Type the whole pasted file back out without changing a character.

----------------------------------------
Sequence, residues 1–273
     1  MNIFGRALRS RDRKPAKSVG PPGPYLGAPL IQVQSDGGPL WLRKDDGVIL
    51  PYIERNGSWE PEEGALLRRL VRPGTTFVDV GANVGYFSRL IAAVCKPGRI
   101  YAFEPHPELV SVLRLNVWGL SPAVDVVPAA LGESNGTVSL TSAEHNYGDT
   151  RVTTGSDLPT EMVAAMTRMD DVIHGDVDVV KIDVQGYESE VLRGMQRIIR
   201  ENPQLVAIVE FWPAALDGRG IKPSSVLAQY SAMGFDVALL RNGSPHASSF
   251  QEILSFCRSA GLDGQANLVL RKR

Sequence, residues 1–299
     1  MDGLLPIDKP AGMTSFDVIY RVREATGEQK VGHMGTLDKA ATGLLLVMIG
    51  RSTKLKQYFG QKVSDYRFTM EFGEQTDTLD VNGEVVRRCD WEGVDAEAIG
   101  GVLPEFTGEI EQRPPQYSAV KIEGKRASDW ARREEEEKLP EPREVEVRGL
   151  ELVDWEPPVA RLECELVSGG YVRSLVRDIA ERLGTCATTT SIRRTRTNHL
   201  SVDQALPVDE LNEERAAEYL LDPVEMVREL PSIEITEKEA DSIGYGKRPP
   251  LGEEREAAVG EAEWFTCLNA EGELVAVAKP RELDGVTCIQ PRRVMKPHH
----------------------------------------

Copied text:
Sequence, residues 1–273
     1  MNIFGRALRS RDRKPAKSVG PPGPYLGAPL IQVQSDGGPL WLRKDDGVIL
    51  PYIERNGSWE PEEGALLRRL VRPGTTFVDV GANVGYFSRL IAAVCKPGRI
   101  YAFEPHPELV SVLRLNVWGL SPAVDVVPAA LGESNGTVSL TSAEHNYGDT
   151  RVTTGSDLPT EMVAAMTRMD DVIHGDVDVV KIDVQGYESE VLRGMQRIIR
   201  ENPQLVAIVE FWPAALDGRG IKPSSVLAQY SAMGFDVALL RNGSPHASSF
   251  QEILSFCRSA GLDGQANLVL RKR

Sequence, residues 1–299
     1  MDGLLPIDKP AGMTSFDVIY RVREATGEQK VGHMGTLDKA ATGLLLVMIG
    51  RSTKLKQYFG QKVSDYRFTM EFGEQTDTLD VNGEVVRRCD WEGVDAEAIG
   101  GVLPEFTGEI EQRPPQYSAV KIEGKRASDW ARREEEEKLP EPREVEVRGL
   151  ELVDWEPPVA RLECELVSGG YVRSLVRDIA ERLGTCATTT SIRRTRTNHL
   201  SVDQALPVDE LNEERAAEYL LDPVEMVREL PSIEITEKEA DSIGYGKRPP
   251  LGEEREAAVG EAEWFTCLNA EGELVAVAKP RELDGVTCIQ PRRVMKPHH